The Orchard: Including the Management of Wall and Standard Fruit Trees, and the Forcing Pit; with Selected Lists and Synonymes of the Most Choice Varieties

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W. S. Orr, 1839 - 420 páginas
 

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Página 330 - I would lead thee, and bring thee into my mother's house, who would instruct me: I would cause thee to drink of spiced wine of the juice of my pomegranate.
Página 161 - Th' inspiring breeze ; and meditate the book Of Nature ever open; aiming thence, Warm from the heart, to learn the moral song. Here, as I steal along the sunny wall, Where Autumn basks, with fruit empurpled deep, My pleasing theme continual prompts my thought : Presents the downy peach ; the shining plum ; The ruddy, fragrant nectarine ; and dark, Beneath his ample leaf, the luscious fig.
Página 6 - And their father Israel said unto them, If it must be so now, do this; take of the best fruits in the land in your vessels, and carry down the man a present, a little balm, and a little honey, spices, and myrrh, nuts, and almonds...
Página 128 - In the third year a shoot will spring from each bud; these must be suffered to grow till the following autumn or fourth year, when they are to be cut off nearly close to the original stem, and the leading shoot of the last year shortened two-thirds. " In the fifth year several small shoots will arise from the bases of the side branches which were cut off the preceding year ; these are produced from small buds, and would not have been emitted had not the...
Página 39 - ... wood, instead of subterranean fibres. The success of such practices, however, depends upon other causes than those which influence the growth of cuttings. It is necessary that an adhesion should take place between the scion and the stock, so that when the descending fibres of the buds shall have fixed themselves upon the wood of the stock, they may not be liable to subsequent separation. No one can have studied the economy of the vegetable kingdom without having remarked that there is a strong...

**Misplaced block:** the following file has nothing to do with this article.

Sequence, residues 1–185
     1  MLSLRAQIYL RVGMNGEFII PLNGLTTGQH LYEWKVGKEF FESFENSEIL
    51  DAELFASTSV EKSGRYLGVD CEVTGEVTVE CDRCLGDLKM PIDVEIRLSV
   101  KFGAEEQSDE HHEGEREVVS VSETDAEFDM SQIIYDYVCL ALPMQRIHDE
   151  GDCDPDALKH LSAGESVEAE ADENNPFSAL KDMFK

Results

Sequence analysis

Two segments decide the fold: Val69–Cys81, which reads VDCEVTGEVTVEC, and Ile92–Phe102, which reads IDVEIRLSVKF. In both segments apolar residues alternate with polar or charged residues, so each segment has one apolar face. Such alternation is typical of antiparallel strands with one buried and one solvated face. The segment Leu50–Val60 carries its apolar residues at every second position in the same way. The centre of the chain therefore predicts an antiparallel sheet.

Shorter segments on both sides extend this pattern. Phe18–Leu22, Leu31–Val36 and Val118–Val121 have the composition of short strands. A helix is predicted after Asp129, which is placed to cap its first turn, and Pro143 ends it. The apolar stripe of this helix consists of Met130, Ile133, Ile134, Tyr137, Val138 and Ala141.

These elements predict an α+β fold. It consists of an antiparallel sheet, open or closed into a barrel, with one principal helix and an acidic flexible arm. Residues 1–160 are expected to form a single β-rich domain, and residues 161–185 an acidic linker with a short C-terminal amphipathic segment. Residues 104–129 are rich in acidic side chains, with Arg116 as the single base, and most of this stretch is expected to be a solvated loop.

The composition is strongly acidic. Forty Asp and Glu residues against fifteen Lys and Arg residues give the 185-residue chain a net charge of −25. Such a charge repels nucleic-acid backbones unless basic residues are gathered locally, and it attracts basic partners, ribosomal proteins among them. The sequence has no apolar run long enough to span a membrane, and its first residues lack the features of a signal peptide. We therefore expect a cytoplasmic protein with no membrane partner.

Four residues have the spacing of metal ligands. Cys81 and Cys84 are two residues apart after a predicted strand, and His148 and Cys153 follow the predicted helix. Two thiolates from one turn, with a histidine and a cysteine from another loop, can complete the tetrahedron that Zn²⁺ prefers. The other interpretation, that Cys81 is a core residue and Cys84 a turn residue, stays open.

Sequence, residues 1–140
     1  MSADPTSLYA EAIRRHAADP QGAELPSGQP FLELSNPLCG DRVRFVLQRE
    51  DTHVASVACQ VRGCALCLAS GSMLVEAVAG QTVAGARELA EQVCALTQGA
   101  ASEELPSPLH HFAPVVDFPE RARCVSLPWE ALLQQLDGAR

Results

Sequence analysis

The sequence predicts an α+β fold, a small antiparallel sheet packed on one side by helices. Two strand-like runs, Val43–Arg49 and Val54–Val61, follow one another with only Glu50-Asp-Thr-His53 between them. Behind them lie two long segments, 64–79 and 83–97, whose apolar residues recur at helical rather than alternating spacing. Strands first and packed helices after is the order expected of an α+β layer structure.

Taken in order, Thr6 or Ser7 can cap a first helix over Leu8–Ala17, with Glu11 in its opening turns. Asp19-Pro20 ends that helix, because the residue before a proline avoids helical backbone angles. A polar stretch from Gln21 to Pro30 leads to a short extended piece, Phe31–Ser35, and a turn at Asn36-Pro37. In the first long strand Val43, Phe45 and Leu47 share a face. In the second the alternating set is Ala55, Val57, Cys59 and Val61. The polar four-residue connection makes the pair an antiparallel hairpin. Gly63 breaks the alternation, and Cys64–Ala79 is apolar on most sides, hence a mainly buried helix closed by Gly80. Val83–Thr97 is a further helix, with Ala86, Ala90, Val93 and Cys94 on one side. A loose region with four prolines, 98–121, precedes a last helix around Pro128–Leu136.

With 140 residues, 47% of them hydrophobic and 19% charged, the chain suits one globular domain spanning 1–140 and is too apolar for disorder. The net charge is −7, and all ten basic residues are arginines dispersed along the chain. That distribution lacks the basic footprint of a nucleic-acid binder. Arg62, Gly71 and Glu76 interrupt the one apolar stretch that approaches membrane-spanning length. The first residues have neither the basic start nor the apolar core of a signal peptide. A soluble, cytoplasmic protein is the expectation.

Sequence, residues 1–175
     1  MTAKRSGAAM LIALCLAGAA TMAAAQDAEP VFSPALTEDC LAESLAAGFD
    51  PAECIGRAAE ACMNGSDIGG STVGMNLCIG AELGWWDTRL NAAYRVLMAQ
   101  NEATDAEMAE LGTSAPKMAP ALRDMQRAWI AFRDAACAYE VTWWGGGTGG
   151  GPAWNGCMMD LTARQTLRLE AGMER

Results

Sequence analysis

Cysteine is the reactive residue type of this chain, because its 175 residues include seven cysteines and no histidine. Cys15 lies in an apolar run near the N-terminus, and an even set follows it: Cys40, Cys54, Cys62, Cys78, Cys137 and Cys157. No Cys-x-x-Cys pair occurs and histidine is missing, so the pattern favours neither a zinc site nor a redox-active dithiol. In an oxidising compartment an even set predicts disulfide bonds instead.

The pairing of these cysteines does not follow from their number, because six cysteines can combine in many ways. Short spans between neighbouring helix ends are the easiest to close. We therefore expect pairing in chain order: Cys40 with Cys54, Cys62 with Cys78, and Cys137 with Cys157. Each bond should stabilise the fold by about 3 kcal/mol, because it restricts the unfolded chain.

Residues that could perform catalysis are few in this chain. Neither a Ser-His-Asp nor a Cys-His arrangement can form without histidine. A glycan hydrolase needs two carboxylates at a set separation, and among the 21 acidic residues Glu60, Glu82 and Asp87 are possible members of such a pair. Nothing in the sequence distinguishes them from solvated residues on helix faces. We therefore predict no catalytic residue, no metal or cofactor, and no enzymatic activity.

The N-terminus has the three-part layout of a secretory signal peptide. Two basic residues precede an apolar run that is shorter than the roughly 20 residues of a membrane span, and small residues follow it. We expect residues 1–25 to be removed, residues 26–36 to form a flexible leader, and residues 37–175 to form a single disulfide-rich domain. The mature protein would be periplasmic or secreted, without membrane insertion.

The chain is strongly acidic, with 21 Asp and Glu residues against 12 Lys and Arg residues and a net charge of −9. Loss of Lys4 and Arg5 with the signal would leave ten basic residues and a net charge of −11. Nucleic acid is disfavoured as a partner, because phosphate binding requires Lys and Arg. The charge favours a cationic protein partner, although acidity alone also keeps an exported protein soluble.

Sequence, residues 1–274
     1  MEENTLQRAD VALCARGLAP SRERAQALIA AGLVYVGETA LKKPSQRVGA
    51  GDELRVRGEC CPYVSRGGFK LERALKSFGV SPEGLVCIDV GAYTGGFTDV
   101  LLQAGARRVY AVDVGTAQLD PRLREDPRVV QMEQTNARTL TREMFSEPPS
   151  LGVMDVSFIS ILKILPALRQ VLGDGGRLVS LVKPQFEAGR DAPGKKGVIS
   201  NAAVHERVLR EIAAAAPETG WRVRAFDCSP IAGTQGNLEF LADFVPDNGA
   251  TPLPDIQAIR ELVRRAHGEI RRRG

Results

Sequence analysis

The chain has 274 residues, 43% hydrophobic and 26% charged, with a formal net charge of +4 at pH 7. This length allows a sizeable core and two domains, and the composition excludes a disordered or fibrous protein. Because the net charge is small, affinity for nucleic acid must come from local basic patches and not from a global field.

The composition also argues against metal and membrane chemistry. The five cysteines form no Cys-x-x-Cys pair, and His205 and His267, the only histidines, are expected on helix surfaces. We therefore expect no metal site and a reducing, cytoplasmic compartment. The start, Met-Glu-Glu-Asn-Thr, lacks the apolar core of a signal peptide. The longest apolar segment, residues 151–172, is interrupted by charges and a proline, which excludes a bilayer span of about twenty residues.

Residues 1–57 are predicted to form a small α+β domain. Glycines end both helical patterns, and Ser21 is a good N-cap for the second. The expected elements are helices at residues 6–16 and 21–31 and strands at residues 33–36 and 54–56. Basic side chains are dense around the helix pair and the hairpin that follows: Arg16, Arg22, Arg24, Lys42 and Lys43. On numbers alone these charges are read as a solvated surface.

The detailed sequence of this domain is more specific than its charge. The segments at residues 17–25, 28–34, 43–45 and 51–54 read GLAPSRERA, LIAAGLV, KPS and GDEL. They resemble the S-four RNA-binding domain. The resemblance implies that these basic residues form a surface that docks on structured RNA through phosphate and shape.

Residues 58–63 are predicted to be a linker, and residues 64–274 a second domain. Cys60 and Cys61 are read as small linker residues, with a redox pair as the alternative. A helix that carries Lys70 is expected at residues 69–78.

Página 31 - ... fact that the disposition exists. Cultivators increase this disposition chiefly in two ways ; either by constantly selecting the finest existing varieties for seed, or by intermixing the pollen and stigma of two varieties for the purpose of procuring something of an intermediate nature. The ancients were unacquainted with either of these practices, and consequently their gardens contained few things which would now be deemed worthy of cultivation. The power of obtaining cross-bred varieties at...
Página 31 - Philosophers are unacquainted with the reason why there should be any tendency to variation from the characters first stamped on any species by Nature; but all know that this tendency does exist, and in a most remarkable degree, in many species. There is in all beings a disposition to deviate from their original nature when cultivated, or even in a wild state; but this disposition is so strong in some, as to render them particularly well adapted to become subject to domestication. For instance, the...
Página 32 - ... discharges its contents among the lax tissue upon which it has fallen. The moving particles descend through the tissue of the style, until one, or sometimes more of them, finds its way, by routes specially destined by Nature for this service, into a little opening in the integuments of the ovulum, or young seed. Once deposited there, the particle swells, increases gradually in size, separates into radicle and cotyledons, and finally becomes the embryo — that part which is to give birth, when...
Página 39 - ... cambium, which serves as food for the young descending fibres, is secreted. It is obvious, that the more accurate the adjustment of the line separating the wood from the bark, the more ready will be the transmission of young fibres from the one to the other ; and that the less the accuracy that may be observed in this respect, the greater the difficulty of such transmission will be. Provided the stock and scion be of exactly the same size, the adjustment can scarcely fail to be accurate in the...

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